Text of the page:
I just returned from doing business at my local Shoppers Drug Mart. I had purchased something earlier in the day, for my wife, brought it home to her and turned away, as she reached into the bag, pulled out the receipt, tore it up, and then looked at the two items I had bought. She immediately informed me they were the wrong kind, to which I replied: "No problem...you've got the receipt, right?" She said: "Well yes, but I tore it all up"; to which I said: " You what?!?" Back to the store, with the hand-shredded receipt and the wrong merchandise, where I picked up two packages of the correct merchandise and headed to the check-out. Fortunately, no one lined up behind me so I wasn't about to delay or inconvenience anyone. Clutching my bag from the earlier visit, I set down the two correct items and said to the pleasant young cashier: "I'd like to buy these, please". I also quickly set down the two incorrect items and said: "...and I want to return these, which I bought by mistake earlier today".
"Yes, sir" she replied. " Do you have a sales receipt?" I said yes and opened my Shoppers Drug Mart bag for her to see the 20 tiny bits of paper. She immediately picked up her phone and said: "Supervisor to Cash 2 for a refund". Moments later, the supervisor arrived and the cashier says to her: "He would like to buy these two and return these two". The first thing the supervisor says is: "Does he have a receipt?" I piped up: " I certainly do", and opened my bag again to show the supervisor the 20 tiny bits of ravaged receipt.
"But it's all torn up...why did you do that?", she asked. I explained it happened before discovering the mistake about the wrong type of product , and that it was common practise, in our house, to tear up receipts for small, every-day purchases, as soon as we got home. I further explained that the receipts have our credit card number on them, and that one couldn't be too careful in this day and age of identity theft, etc., etc.
"I'll have to get my manager over here", said the supervisor. The supervisor started to explain to her manager and hadn't got very far when the manager asked: "Does he have a receipt?" There are now five customers lined up behind me, shuffling their feet and sighly loudly. I don't acknowledge them. Bad enough I'm wearing my floppy beret and looking like a wierdo anyway, without opening my mouth and saying something to the three guys in baseball caps and proving it.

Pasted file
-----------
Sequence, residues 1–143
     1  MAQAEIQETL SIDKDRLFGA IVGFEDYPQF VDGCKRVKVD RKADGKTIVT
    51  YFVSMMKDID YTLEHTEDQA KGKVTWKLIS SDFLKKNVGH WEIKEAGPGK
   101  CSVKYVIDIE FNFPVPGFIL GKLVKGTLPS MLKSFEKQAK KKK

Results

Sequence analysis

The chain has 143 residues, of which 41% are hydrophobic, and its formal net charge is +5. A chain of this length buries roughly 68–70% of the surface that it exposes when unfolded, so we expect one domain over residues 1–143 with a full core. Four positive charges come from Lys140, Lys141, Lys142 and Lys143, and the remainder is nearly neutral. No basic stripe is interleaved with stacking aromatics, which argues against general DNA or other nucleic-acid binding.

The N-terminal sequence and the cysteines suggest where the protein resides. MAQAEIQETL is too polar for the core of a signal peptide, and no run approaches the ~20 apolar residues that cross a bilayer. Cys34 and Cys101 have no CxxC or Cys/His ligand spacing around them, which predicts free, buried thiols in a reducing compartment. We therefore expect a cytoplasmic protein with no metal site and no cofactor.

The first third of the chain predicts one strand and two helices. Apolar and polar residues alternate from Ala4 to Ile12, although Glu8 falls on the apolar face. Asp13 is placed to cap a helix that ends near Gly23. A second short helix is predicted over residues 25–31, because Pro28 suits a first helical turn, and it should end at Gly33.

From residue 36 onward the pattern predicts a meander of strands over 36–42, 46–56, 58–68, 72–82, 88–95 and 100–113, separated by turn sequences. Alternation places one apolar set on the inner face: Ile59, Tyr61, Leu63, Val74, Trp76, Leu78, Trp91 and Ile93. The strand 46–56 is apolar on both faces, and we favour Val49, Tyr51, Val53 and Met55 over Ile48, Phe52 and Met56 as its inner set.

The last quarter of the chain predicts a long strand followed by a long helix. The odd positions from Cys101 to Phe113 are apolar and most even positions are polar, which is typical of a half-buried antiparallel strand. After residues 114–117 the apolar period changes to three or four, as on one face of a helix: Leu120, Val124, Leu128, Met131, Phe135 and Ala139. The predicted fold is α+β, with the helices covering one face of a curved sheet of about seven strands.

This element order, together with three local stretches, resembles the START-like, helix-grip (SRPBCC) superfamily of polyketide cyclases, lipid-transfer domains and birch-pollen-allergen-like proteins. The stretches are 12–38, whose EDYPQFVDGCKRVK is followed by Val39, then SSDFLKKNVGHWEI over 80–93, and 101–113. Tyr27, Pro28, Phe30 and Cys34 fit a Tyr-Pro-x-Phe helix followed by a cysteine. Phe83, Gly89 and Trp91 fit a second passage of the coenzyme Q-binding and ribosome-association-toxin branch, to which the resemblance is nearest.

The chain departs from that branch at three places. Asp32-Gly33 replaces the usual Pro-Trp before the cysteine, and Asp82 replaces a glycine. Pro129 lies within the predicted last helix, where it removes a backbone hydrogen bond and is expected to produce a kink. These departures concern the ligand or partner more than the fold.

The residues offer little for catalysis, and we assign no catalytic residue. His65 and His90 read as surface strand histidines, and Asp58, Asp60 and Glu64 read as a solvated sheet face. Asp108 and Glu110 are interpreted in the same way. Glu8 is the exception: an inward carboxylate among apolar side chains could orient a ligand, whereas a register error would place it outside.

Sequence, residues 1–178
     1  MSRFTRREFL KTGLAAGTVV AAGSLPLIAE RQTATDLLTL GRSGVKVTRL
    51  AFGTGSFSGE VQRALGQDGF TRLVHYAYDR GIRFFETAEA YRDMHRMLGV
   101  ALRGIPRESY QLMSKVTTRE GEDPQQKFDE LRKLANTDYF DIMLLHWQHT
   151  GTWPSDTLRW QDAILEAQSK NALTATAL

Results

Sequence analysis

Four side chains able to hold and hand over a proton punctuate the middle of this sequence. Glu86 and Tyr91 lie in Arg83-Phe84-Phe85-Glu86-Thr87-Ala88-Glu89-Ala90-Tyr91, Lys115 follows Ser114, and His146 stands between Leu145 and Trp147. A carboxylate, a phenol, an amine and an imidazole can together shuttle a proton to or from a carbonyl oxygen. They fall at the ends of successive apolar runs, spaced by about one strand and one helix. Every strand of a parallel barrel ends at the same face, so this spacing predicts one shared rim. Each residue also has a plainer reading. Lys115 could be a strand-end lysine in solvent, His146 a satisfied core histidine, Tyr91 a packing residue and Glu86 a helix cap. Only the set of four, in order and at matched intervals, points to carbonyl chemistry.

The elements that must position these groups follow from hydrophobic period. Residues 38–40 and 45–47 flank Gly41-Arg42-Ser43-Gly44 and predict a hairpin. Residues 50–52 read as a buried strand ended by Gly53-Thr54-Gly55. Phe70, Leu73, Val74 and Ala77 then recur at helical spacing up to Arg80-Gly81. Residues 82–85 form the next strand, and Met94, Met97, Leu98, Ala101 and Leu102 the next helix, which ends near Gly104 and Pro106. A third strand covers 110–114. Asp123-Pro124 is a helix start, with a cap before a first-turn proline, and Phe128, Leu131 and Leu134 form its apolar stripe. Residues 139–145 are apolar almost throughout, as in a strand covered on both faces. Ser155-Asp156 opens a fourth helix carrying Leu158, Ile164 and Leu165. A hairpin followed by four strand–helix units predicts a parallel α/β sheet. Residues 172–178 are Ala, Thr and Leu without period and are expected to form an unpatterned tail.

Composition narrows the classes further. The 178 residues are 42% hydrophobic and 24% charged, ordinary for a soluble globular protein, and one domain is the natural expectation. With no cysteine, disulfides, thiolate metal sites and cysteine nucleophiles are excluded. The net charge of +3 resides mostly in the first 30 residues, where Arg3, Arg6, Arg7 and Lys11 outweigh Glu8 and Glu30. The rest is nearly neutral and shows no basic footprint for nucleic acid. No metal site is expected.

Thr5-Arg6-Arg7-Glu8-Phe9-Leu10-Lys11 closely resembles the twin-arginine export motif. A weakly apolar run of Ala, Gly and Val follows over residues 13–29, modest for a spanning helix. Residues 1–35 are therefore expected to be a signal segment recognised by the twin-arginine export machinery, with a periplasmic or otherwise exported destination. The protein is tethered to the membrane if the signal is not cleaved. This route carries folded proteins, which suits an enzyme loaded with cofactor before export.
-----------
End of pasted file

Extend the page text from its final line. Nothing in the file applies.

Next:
The manager asks the supervisor if one of the tiny remnants of sales receipt has a transaction number on it. The supervisor replies one may, but that she doesn't know which one. The manager suggests that all three of them quickly examine the scraps, which they do, and a refund procedure begins. While I am filling out a form with much self-incriminating information, the cashier is swiping my credit card and my Shoppers Optimum points card several times and the manager is at another computer station producing an internal bookkeeping document. There are now seven people lined up behind me and the supervisor takes charge by gathering up all the detritus of this awkward affair and asks me to accompany her to another check-out, where we can be alone.
Mercifully, at no time has a discussion taken place about the actual product I'm buying: a laxative. I sign my name one last time and feel guilty because the two products I'm returning to the good folks at Shoppers are worth $45, and the two I am ultimately walking out with cost just $16.
Home once more, I now have two perfect receipts; a refund receipt and a purchase receipt, which I stare at momentarily. I notice that my credit card number reads as 12 asterisks plus four numbers. Well, I'll be damned! They don't print out your whole 16-digit credit card number. The two receipts sit beside me now, as I finish reflecting on this shopping adventure. I'm about to tear them up. Old habits die hard.